Favorite food books, Part 1

There seems to be an endless supply of books about food, cooking, processed foods, chefs, restaurants, baking, chefs that own restaurants, chefs that write books, cook books, “how to” books, reference volumes, don’t eat this, eat that, food marketing…..every damn thing.

I fancy myself an avid reader of all types of these books. I’ve read quite a few of them; some stand out more than others, here’s a list of my favorites, in no particular order.

Salt Sugar Fat: How the Food Giants Hooked Us by Michael Moss
I loved this book because it really dove into the food marketing industry. Moss wrote about the food industry in a way I hadn’t seen before, with new insight into how processed foods are developed and marketed. It’s also a good book that illustrates the role the processed food industry has played in the obesity epidemic in the United States, and also what role they’ll play in helping to reverse those effects.  It’s an excellent read for the curious mind and for those that have an interest in learning more about food marketing.

Kitchen Confidential by Anthony Bourdain
He’s known as kind of an asshole, but Anthony Bourdain has a sort of jerkyness that is almost charming. He’s a no-nonsense, doesn’t-fuck-around kind of guy. He’s serious about his kitchen. Kitchen Confidential is a great read and I most liked the chapter about what it’s like to work in a real kitchen. It’s food for thought for those that are interested in the culinary profession. A fun read too, this guys had some crazy adventures!

The New Food Lover’s Companion by Ron Herbst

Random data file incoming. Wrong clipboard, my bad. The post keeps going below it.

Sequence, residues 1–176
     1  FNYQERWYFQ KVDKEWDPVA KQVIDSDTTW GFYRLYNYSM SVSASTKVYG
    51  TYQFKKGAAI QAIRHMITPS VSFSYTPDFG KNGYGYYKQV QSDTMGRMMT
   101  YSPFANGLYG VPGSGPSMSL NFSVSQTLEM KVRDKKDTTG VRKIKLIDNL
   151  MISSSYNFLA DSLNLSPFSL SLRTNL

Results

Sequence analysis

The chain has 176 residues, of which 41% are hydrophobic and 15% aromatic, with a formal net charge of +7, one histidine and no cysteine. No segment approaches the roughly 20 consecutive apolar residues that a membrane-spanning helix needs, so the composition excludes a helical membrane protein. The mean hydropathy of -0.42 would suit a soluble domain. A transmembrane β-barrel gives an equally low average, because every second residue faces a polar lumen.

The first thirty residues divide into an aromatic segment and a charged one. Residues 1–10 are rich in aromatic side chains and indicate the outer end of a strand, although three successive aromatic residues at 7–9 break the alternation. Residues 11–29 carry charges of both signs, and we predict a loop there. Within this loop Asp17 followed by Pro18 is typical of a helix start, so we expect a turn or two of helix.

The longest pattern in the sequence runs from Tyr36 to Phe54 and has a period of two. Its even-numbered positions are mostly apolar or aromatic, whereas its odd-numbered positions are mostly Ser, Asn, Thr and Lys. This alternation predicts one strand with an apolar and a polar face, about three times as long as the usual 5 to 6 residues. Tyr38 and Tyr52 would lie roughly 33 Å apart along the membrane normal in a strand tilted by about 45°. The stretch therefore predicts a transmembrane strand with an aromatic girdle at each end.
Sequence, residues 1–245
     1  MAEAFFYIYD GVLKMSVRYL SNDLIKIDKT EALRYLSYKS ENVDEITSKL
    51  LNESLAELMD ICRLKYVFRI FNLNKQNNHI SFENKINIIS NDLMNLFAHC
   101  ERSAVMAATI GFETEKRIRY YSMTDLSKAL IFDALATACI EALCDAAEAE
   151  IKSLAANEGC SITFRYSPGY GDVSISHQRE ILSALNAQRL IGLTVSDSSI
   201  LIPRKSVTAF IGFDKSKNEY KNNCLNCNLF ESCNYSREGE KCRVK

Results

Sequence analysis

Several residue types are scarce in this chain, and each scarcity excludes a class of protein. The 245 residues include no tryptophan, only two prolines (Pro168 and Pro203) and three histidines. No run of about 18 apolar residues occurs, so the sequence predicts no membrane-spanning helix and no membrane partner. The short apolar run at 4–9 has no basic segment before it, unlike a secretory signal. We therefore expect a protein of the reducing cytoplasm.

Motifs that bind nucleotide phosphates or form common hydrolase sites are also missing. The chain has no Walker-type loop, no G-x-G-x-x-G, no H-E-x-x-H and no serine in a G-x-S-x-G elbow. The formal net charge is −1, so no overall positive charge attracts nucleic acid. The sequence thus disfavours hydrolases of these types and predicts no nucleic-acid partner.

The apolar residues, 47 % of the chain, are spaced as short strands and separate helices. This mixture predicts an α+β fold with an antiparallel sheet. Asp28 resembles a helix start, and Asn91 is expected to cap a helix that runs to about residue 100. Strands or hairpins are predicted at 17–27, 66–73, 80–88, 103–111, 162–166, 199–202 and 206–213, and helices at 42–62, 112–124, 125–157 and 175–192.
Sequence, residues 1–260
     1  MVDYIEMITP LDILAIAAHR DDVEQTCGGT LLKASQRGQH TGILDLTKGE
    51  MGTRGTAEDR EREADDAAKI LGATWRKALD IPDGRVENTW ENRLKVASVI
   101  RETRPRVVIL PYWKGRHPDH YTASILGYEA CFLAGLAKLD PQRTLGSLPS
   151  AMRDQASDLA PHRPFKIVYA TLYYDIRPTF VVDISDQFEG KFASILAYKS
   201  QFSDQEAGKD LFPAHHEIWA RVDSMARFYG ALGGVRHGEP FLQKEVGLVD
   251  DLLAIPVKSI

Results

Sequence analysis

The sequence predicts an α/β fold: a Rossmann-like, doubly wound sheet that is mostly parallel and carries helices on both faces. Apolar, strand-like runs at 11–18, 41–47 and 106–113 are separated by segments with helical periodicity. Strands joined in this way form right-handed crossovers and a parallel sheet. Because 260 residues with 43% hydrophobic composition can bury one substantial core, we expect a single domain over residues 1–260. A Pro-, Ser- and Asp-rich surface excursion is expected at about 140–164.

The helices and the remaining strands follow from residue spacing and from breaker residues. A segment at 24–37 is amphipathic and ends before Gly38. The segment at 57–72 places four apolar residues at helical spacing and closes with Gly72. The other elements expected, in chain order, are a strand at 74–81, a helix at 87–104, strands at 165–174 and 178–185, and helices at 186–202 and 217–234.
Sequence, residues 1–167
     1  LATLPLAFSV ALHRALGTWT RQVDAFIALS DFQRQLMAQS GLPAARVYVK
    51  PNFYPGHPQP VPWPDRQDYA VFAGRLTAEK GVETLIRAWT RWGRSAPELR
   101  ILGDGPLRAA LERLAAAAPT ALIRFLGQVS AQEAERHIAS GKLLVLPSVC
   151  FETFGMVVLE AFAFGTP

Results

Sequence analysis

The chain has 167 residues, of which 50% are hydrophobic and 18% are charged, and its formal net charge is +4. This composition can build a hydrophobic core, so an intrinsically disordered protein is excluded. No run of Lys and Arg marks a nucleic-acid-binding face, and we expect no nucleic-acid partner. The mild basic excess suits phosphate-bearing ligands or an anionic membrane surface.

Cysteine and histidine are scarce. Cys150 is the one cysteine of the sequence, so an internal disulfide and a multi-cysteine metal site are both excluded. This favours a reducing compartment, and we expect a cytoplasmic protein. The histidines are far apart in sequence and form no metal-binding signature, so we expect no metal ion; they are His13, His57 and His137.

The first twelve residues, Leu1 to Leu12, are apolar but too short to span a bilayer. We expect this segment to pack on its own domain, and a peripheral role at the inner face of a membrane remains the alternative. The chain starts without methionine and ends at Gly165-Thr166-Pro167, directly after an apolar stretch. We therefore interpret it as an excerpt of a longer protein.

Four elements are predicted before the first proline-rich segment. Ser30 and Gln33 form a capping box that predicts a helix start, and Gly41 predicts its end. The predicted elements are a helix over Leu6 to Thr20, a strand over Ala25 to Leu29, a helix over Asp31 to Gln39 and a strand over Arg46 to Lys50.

Nary a day passes that I don’t open this one. Even if I don’t need to look up something specific, I will grab this book, open to a random page and just read what’s there. I love this book and consider it a must-have for anyone that enjoys cooking or learning about food.

The Professional Chef, by The Culinary Institute of America
Written by one of the most prestigious culinary institutions in the United States, The Professional Chef is as beautiful as it is informative. It’s geared toward professional chefs (duh) and written much like a text book would be, but it’s easy to consume for us lay people that are not professional chefs. At over 1200 pages, it’s quite an undertaking to get through. But it’s also great to browse through to look at the recipes and awesome photographs.

The Jungle by Upton Sinclair
It’s the original exposé about the food industry; specifically, the meatpacking industry. It’s graphic in its detail of the awful conditions workers were forced to work under, the abhorrent ways in which meat was handled and sold, and the plight of low-income immigrant workers. I think it’s pretty relatable to today’s world, even though we’ve made vast improvements in the way meat is processed; we’ve yet to make as much progress where immigrant labor and poor working conditions in this industry are concerned.  If you haven’t read this one yet, put it on your list of books to read before you die.

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